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By Michael Boyd Jr.
Ste. Genevieve herald
The rainstorms over the weekend finally gave everyone in the region a much-needed break from the 90-plus degree temperatures last week.
The heat reached over 100 degrees here at some points of the week, but even when the temperatures were in the low 90s, the heat index was well into the 100s.
The national heat wave declared by the National Weather Service earlier over the summer coincided with the first days of school around the county.
Ste. Genevieve R-II School District’s opening day of the new school year was hot both outside and inside for parts of the Ste. Genevieve campus as the air conditioning system broke down for the day.
While students were hot at first, the R-II acted quickly to make the classrooms comfortable.
A few students mentioned that they were freezing once temporary a/c units were installed, which is why some students were seen wearing hoodies.
Can’t win for losing sometimes.
“Extreme temperatures have affected districts throughout the Midwest, and these hot and humid days impact HVAC systems that can then struggle to keep up,” said Bailey Otto, R-II communications director. “Our maintenance department has been amazing, devoting time this week to working on and bolstering air conditioning in areas that have seen too much stress on those systems.
“In a few areas, our crews installed window units, as well as fans in order to circulate cooler air from other units. In addition, our crews have kept the air on overnight to not only allow the HVAC systems to maintain cooler areas throughout the day, but also to keep from stressing those systems further by restarting them each morning.”
The heat wave not only troubled the Midwest but the southwest as well. Las Vegas and Phoenix both reached 120 degrees earlier this year, and even the northwest and northeast are struggling with high temperatures, all according to media reports.
Area schools moved times of their season-opening varsity football games this past Friday to 8 p.m. from its usual 7 p.m. schedule.
Several programs reported in postgame interviews that players suffered from leg cramps during their respective games despite the time change.
Valle had played at Seckman and Ste. Genevieve was at Festus. The athletic directors at all four schools agreed to the time change, as did others, with the Missouri High School Activities Association’s full approval.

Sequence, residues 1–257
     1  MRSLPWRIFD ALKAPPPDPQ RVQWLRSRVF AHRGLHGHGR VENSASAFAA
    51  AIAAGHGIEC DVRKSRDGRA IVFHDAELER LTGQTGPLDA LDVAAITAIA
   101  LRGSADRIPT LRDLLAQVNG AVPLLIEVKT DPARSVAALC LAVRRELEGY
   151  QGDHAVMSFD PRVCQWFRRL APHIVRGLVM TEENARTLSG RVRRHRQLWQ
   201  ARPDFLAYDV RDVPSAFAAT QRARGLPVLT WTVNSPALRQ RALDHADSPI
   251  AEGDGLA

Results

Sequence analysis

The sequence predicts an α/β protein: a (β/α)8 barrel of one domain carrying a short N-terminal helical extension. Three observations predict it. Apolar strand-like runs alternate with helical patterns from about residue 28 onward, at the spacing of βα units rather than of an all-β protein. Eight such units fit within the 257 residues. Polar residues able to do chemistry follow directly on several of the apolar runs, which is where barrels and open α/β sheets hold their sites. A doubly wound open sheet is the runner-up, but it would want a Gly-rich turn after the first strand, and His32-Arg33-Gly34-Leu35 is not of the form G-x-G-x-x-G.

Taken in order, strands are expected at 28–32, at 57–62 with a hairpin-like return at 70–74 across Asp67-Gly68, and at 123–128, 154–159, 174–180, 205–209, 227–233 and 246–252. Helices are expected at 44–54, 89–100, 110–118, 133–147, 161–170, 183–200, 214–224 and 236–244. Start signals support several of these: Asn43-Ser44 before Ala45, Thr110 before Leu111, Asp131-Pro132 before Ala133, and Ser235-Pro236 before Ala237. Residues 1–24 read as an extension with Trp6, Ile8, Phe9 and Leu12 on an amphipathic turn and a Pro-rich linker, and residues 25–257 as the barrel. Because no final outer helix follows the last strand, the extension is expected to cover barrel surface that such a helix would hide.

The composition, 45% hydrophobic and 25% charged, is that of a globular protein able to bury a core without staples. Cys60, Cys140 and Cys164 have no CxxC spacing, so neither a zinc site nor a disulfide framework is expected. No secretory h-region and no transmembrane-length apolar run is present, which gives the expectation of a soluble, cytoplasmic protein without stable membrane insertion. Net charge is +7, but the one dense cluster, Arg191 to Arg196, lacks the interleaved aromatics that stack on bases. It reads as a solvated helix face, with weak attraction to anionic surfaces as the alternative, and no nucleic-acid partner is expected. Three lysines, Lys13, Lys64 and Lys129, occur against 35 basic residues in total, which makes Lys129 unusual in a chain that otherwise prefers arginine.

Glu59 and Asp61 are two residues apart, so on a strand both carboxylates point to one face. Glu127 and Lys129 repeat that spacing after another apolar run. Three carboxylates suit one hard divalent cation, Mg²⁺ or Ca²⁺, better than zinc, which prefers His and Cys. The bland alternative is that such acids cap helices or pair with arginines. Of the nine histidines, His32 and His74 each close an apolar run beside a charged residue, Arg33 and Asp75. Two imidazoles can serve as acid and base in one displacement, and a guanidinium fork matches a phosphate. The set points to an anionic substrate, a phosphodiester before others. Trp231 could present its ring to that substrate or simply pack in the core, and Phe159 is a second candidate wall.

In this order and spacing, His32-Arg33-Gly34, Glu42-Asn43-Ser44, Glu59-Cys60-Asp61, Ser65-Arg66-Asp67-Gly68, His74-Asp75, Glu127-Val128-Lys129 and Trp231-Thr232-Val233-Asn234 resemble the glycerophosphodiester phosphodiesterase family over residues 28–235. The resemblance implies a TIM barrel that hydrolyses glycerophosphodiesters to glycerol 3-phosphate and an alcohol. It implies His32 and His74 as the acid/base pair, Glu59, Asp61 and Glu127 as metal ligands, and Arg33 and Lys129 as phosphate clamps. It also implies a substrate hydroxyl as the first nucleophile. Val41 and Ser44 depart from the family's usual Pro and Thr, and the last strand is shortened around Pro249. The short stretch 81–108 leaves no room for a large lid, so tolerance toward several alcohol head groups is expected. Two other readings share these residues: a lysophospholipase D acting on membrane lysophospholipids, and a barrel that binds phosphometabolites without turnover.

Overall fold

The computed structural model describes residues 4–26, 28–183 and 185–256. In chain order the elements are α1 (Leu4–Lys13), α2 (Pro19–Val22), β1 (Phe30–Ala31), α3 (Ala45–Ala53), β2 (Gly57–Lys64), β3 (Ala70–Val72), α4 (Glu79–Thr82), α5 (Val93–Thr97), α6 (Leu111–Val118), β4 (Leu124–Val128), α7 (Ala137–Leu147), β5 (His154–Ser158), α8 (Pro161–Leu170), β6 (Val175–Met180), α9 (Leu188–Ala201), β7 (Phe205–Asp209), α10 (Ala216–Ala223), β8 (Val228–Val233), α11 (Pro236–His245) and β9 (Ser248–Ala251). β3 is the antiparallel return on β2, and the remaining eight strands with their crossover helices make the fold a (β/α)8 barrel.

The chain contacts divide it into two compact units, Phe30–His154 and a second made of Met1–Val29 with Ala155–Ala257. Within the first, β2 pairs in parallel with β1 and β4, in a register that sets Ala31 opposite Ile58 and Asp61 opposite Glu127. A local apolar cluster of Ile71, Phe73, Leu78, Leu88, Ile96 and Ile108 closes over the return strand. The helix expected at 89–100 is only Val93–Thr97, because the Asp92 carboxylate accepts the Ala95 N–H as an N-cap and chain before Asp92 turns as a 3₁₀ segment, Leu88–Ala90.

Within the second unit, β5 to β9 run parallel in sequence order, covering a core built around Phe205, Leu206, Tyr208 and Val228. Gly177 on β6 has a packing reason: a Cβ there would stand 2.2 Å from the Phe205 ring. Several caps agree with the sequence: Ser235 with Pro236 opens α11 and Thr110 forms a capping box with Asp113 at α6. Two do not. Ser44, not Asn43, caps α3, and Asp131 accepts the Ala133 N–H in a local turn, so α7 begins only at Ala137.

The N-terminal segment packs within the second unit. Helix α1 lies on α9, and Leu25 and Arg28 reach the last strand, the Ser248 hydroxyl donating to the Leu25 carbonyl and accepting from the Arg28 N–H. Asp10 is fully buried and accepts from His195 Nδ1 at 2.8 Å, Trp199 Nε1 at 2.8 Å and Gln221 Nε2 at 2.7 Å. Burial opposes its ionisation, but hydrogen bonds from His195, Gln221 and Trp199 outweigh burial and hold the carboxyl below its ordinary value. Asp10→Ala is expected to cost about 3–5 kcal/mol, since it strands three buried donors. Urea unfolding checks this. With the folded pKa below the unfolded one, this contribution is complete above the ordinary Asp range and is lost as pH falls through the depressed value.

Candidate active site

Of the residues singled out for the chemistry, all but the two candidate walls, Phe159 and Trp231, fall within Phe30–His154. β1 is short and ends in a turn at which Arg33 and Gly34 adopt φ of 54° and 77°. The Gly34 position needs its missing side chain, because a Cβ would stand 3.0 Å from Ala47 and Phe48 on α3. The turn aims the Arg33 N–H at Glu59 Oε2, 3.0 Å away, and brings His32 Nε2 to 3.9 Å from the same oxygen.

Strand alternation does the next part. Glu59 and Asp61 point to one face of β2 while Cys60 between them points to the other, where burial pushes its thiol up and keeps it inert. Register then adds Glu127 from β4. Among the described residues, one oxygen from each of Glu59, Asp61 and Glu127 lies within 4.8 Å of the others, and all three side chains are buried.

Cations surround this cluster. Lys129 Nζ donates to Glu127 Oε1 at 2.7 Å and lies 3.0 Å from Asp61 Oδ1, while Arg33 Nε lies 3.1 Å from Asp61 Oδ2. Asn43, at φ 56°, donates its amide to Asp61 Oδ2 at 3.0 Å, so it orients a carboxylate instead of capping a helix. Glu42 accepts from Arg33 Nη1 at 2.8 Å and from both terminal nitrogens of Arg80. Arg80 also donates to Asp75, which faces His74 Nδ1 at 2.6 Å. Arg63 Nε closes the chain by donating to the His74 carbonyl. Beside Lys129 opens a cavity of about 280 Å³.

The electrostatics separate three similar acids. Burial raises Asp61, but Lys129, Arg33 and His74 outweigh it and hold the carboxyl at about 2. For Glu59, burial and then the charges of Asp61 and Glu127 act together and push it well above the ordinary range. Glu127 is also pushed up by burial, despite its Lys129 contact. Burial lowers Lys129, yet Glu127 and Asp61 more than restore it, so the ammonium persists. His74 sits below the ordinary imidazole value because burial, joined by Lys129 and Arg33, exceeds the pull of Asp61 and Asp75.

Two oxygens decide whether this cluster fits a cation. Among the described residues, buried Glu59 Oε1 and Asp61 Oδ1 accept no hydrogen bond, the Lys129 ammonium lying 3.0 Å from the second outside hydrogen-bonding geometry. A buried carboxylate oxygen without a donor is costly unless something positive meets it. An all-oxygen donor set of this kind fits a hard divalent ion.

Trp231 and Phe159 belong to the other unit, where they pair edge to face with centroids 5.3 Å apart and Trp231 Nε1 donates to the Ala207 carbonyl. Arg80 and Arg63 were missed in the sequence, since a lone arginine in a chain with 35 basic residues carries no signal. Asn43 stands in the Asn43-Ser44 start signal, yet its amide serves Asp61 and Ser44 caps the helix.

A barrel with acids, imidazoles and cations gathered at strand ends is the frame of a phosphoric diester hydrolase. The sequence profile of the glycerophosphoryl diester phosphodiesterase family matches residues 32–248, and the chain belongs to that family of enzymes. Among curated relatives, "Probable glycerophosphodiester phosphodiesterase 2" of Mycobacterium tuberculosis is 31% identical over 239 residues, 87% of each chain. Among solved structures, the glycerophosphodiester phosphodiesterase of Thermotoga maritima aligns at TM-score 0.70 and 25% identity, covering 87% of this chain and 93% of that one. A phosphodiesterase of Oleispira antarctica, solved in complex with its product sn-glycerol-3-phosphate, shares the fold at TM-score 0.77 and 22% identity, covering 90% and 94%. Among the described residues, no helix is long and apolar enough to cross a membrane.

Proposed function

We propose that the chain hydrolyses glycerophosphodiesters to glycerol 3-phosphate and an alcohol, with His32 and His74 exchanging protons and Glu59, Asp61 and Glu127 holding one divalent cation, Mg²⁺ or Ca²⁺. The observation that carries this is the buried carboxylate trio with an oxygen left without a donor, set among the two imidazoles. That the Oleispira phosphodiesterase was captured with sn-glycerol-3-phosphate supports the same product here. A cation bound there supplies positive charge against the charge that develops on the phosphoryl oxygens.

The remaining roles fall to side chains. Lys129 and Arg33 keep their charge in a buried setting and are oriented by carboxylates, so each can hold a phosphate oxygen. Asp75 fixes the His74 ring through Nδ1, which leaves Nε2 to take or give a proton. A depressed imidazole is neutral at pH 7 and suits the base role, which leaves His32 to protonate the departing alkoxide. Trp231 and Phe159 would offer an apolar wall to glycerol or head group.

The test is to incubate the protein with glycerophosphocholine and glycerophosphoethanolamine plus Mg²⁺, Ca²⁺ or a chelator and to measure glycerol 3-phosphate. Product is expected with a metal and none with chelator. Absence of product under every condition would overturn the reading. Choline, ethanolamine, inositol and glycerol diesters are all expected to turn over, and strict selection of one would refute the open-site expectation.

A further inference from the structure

Both games finished well after 11 p.m. in the process, and a few others finished at midnight. Some games were moved to Saturday morning as well.
Youth ball clubs in the area either canceled practices or moved it indoors throughout the week to avoid struggles with the heat.
The Ste. Genevieve County Youth Football League, better known as the Impact, canceled practices last Tuesday, then held practices inside the Ste. Genevieve County Community Center’s Sports Complex on Thursday.
MSHSAA does not govern youth sports, but the Impact play by MSHSAA’s guidelines and that includes following MSHSAA’s rules when the weather is too hot to be outdoors.
The Impact later played their jamboree at Windsor High Saturday morning anticipating more serious heat by midday, but a surprise cold front moved in across the region, thus surprising everyone.
Turns out many at the jamboree were talking about the suddenly cooler weather every bit as much as they were talking about football.
In the end, a thunderstorm, and not the heat, is what would cancel the latter half of their jamboree action. Although everybody got drenched, the storm provided much welcomed relief from the heat.
While the weather will cool off for this week, the heat is expected to return to 100-plus degrees again by Wednesday next week.
SENIORS TAKE CARE
Senior citizens and others with health issues are also at an elevated danger during extreme heat.
Tina Winch, director of the Ste. Genevieve County Nutrition Center, said none of the elderly who visit the center have mentioned any issues with the heat that she is aware of.
Activities and visitors had slowed because of the heat as people are trying to stay indoors as much as possible.
“Others hang out here a little longer when they do stop by,” Winch said. “Everyone seems to be OK and enjoy visiting their friends. This is a safe haven for them. We are a place where if they don’t have fans or a/c’s they can call and we try to find means for them.”
Winch added that when the center delivers the meals, they checks in on people and make sure everybody is doing OK.
“We don’t ever have anybody who is in such a need because this is a small town community with lots of family and everyone knows each other. Family connections.”
Winch said the nutrition center is open to the public regardless of age if anyone needs to get out of the heat or even cold during winter months.
She added that anyone struggling with the heat to stay hydrated, take a cool shower, go to the store, go to the Ste. Genevieve County Community Center. There are so many options, she stated.
“Not only our senior citizens, but also remember our farmers and construction workers are working in this heat also,” Winch said. “Others who might be working in this heat, just look out for them as well.”